People who have diabetes are 4 times more likely to have coronary artery disease than people who do not have diabetes.1 People who have diabetes are 2 to 4 times more likely to die from coronary artery disease than people who do not have diabetes.2
If you have diabetes and coronary artery disease, you can help lower your risk of a heart attack or stroke by managing your diabetes and having a healthy lifestyle, which includes being active, taking medicines to lower blood pressure and cholesterol, and not smoking.3
Greenland P, et al. (2010). 2010 ACCF/AHA guideline for assessment of cardiovascular risk in asymptomatic adults: A report of the American College of Cardiology Foundation/American Heart Association Task Force on Practice Guidelines. Journal of the American College of Cardiology, 56(25): e50–e103.
Roger VL, et al. (2012). Heart disease and stroke statistics—2012 update: A report of the American Heart Association. Circulation, 125(1): e2–e220. Also available online: http://circ.ahajournals.org/content/125/1/e2.full.
Smith SC, et al. (2011). AHA/ACCF secondary prevention and risk reduction therapy for patients with coronary and other atherosclerotic vascular disease: 2011 update: A guideline from the American Heart Association and American College of Cardiology Foundation. Circulation, 124(22): 2458–2473. Also available online: http://circ.ahajournals.org/content/124/22/2458.full.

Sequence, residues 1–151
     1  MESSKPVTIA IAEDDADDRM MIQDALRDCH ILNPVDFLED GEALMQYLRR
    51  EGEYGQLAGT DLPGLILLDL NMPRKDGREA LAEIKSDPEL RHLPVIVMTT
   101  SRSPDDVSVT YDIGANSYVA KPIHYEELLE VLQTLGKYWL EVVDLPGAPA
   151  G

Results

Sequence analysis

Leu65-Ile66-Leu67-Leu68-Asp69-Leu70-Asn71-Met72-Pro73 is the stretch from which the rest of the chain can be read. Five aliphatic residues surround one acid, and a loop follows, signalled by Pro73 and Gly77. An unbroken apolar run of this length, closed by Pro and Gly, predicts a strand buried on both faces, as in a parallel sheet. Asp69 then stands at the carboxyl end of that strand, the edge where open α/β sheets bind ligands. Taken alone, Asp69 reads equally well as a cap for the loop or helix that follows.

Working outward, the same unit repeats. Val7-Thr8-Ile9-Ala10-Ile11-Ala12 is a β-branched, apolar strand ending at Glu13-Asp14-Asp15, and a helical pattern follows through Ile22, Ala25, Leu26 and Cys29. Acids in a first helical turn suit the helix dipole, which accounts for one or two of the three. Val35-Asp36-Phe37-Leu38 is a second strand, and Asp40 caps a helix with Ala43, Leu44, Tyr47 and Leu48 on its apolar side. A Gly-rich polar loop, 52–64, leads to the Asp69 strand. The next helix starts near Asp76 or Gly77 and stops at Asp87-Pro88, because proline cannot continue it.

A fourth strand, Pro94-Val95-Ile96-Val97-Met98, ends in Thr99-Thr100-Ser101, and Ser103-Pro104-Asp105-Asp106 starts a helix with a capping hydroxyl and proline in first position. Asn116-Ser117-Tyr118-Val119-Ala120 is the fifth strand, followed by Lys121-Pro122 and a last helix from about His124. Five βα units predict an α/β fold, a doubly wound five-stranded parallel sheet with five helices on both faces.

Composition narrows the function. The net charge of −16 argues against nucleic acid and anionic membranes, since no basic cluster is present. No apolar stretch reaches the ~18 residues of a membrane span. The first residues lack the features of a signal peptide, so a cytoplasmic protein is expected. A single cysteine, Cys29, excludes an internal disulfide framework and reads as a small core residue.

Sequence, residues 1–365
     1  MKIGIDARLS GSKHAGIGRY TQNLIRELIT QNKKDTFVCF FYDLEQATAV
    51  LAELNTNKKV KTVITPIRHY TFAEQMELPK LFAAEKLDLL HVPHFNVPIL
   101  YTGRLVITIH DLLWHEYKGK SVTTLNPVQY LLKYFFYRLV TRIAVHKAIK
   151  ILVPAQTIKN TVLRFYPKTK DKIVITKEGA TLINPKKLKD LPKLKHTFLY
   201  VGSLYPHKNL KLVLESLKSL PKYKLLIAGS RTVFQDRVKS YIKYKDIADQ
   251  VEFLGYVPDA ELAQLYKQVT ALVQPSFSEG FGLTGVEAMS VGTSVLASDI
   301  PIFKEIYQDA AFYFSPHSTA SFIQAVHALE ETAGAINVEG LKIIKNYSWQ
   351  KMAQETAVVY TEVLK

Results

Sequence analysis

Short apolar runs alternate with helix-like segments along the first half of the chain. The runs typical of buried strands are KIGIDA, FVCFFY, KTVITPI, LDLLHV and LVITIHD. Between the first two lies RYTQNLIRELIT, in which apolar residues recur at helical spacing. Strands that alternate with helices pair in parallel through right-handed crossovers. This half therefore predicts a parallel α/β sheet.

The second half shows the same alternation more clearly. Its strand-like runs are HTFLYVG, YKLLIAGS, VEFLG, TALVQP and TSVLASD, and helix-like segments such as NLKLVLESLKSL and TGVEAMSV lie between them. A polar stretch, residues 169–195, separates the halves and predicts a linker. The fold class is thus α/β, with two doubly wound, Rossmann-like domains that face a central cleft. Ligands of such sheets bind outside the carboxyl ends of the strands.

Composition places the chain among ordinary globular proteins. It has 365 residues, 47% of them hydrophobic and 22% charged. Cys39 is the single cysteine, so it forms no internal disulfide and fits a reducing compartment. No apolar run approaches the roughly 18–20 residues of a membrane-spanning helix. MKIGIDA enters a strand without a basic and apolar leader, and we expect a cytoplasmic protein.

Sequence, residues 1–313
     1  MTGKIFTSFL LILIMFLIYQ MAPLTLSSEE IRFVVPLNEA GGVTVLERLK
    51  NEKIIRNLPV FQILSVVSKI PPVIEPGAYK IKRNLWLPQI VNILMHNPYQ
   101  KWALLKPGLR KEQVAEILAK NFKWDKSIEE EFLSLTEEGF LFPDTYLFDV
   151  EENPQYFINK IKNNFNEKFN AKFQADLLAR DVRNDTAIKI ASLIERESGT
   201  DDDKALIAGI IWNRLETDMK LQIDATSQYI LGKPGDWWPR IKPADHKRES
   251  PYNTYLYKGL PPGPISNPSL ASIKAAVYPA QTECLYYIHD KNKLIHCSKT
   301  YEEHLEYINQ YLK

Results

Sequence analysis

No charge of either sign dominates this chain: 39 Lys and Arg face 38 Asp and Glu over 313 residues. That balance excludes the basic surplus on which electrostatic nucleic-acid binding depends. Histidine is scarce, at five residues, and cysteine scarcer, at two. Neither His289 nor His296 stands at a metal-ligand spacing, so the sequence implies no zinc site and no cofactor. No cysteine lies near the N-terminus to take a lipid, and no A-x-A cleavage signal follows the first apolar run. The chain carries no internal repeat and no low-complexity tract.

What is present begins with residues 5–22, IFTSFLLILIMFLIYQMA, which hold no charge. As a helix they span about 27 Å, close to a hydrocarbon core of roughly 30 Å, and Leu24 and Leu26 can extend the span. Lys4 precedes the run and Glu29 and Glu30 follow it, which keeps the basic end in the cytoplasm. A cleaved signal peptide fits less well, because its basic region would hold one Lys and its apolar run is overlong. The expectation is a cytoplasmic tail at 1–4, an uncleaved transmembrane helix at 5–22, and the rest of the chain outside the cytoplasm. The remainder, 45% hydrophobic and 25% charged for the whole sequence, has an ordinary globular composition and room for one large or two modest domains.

Primary Medical Reviewer
Rakesh K. Pai, MD, FACC - Cardiology, Electrophysiology
Specialist Medical Reviewer
Robert A. Kloner, MD, PhD - Cardiology
Current as of
March 12, 2014
WebMD Medical Reference from Healthwise
March 12, 2014
This information is not intended to replace the advice of a doctor.
Healthwise disclaims any liability for the decisions you make based on this
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People who experience hypoglycemia several times in a week should call their health care provider. It's important to monitor your levels each day so you can make sure your numbers are within the range. If you are pregnant always consult with your health care provider.
Congratulations on taking steps to manage your health.
However, it's important to continue to track your numbers so that you can make lifestyle changes if needed. If you are pregnant always consult with your physician.
Your level is high if this reading was taken before eating. Aim for 70-130 before meals and less than 180 two hours after meals.
Even if your number is high, it's not too late for you to take control of your health and lower your blood sugar.
One of the first steps is to monitor your levels each day. If you are pregnant always consult with your physician.
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